11. Clarkson, J., Blower, E., Hunter, C, Scale, I & Nutbeam, D. (1991). Overview of Innovative Workplace Action for Health in the UK. European Foundation for the Improvement of Living and Working Conditions, working paper no: WP/91/03/EN.Google Scholar
  12. Cooper, C. L. & Payne, R. (1988). Causes, Coping and Consequences of Stress at Work. New York & London: John Wiley.Google Scholar
  13. Cooper, C. L. & Sadri, G. (1991). The impact of stress counselling at work. In P. L. Perewe (ed.), Handbook on Job Stress (special issue). Journal of Social Behaviour and Personality, 6(1), 411–423.Google Scholar
  14. Creed, F. (1993). Mental health problems at work. British Medical Journal (24 April), 306, 1082–1083.PubMedCentralPubMedCrossRefGoogle Scholar
  15. Defrank, R. S. & Cooper, C. L. (1987). Worksite stress management interventions: their effectiveness and conceptualisation. Journal of Managerial Psychology, 2, 4–10.CrossRefGoogle Scholar
  16. Department of Health (1992). Creating Effective Smoking Policies in the NHS. London : Health Education Authority.Google Scholar
  17. Department of Health and Social Security (1988). Fourth Report of the Independent Scientific Committee on Smoking and Health. Chairman: Sir Peter Froggatt. London: HMSO.Google Scholar
  18. Eriksen, M. P. (1988). Cancer prevention in workplace health promotion. American Association of Occupational Health Nursing Journal, 56(6), 266–270.Google Scholar
  19. Hallett, R. (1986). Smoking intervention in the workplace: review and recommendations. Preventive Medicine, 15 (3), 213–231.PubMedCrossRefGoogle Scholar
  20. Harvey, S. (1988). Just an Occupational Hazard? Policies for Health at Work. London: King’s Fund Institute.Google Scholar
  21. Health Education Authority (1988). Stress in the Public Sector. Nurses, Police, Social Workers and Teachers. London: Health Education Authority.Google Scholar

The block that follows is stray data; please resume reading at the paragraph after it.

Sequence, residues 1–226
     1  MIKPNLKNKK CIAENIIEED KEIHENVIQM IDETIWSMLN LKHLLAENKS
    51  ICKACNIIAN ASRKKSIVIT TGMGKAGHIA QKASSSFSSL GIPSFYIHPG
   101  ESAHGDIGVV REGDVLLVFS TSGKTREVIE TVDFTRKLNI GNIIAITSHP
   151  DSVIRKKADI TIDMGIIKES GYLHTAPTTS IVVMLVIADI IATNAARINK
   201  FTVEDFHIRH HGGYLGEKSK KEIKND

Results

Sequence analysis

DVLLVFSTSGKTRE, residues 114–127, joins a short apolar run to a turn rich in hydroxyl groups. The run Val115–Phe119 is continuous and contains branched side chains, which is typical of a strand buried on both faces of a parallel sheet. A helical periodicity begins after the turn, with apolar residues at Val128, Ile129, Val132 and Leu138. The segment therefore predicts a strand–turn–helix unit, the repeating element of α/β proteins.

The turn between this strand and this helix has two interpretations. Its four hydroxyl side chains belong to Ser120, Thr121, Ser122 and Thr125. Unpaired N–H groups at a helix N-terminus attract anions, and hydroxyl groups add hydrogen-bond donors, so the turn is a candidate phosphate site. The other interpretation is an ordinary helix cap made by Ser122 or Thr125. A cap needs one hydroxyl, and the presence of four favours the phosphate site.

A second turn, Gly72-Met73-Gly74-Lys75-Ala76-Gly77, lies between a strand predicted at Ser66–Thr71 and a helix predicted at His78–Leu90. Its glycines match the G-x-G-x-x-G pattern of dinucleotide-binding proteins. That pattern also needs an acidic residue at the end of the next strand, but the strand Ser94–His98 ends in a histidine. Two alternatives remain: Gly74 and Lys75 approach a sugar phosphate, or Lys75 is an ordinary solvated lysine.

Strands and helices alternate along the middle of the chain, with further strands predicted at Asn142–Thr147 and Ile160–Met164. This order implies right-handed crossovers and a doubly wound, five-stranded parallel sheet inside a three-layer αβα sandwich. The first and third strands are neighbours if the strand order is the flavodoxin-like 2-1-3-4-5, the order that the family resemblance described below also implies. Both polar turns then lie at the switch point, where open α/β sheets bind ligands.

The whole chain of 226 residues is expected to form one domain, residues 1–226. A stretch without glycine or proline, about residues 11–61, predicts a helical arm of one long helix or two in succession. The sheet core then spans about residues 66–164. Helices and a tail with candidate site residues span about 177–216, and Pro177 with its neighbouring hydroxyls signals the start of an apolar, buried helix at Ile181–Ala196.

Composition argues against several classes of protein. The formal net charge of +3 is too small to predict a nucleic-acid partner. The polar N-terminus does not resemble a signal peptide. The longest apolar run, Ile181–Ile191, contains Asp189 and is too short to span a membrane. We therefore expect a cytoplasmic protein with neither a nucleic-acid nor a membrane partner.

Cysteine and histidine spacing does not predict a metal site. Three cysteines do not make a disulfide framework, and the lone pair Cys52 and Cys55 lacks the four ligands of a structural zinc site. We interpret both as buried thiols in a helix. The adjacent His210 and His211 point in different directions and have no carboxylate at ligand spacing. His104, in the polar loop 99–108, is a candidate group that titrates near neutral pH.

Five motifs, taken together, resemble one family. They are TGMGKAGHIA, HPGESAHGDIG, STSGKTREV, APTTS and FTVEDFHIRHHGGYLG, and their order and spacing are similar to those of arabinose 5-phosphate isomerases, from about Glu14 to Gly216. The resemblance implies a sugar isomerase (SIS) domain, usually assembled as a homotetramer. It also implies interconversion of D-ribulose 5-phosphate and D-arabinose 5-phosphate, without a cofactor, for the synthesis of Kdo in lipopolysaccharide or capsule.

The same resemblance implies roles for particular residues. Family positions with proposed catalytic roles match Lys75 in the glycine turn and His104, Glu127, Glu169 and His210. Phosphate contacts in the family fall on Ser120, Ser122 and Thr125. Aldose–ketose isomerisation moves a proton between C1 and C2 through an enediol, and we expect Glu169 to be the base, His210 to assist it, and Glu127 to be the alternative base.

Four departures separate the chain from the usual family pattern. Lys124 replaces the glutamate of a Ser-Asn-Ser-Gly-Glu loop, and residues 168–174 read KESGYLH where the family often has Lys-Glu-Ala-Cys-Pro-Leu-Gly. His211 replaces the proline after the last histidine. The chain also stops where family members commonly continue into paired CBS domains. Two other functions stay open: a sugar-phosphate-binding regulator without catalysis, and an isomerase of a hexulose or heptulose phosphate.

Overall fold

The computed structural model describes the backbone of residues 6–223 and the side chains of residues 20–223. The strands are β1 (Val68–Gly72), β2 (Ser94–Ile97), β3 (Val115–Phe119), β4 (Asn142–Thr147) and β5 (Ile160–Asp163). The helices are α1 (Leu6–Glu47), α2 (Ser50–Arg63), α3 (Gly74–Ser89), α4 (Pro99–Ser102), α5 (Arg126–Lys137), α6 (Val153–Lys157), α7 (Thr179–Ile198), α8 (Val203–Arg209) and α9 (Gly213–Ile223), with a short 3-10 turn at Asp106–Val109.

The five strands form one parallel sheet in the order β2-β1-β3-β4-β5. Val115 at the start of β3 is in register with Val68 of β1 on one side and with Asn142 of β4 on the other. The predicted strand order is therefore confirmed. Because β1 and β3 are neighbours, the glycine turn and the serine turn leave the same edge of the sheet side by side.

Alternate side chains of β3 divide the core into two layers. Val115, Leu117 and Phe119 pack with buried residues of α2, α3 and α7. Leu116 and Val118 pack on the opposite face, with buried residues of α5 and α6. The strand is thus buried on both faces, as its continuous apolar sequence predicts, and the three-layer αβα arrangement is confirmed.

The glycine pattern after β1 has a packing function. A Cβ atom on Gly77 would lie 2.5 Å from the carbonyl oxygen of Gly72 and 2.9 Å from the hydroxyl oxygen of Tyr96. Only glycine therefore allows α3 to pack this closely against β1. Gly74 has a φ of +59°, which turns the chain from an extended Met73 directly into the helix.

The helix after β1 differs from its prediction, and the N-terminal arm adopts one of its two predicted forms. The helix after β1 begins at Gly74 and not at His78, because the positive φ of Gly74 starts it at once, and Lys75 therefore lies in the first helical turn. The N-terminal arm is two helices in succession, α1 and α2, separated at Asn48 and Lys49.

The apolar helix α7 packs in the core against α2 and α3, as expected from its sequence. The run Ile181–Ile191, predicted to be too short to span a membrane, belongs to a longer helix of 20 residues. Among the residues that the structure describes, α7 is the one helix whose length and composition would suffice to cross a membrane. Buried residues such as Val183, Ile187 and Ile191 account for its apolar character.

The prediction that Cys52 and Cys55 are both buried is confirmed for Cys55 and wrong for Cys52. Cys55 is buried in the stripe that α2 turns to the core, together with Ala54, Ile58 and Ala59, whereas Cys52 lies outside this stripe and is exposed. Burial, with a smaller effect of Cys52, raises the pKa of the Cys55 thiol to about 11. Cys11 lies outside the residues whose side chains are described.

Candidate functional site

22. Health Education Authority (1990). Action Plan on Stress. London: HEA.Google Scholar
  23. Health Education Authority (1991a). Report on Qualitative Research to Inform Development of Cancer Education Programmes in the Workplace. London: HEA.Google Scholar
  24. Health Education Authority (1992a). Action on Health at Work. Report of a seminar, 18 February 1992. London: HEA.Google Scholar
  25. Health Education Authority (1992b). Health at Work in the NHS. Action Pack. London: HEA.Google Scholar
  26. Health Education Authority (1992c). Health at Work in the NHS. Report on National Consultative Workshops. London: HEA.Google Scholar
  27. Health Education Authority (1993). Health Promotion in the Workplace. A Summary. London: HEA.Google Scholar
  28. Hurst, T. (1992). Towards a Smoke-Free Health Service. The 2nd Report. Tom Hurst.Google Scholar
  29. Industrial Relations Service (1989a). Health promotion at work. Parts 1 and 2. Industrial Relations Service Employment Trends (April & July), 438 and 443.Google Scholar
  30. Industrial Relations Service (1989b). Workplace health promotion at Polaroid. Industrial Relations Service Employment Trends, 454, 11–14.Google Scholar
  31. Industrial Relations Service (1992a). Smoking at work. Part 1. Why and how employers introduce smoking policies. Industrial Relations Service Review and Report (February), 506, February, 4–10.Google Scholar
  32. Industrial Relations Service (1992b). Smoking at work. Part 2. Policy content, growth and balance. Industrial Relations Service Review and Report (March) 507, 5–13.Google Scholar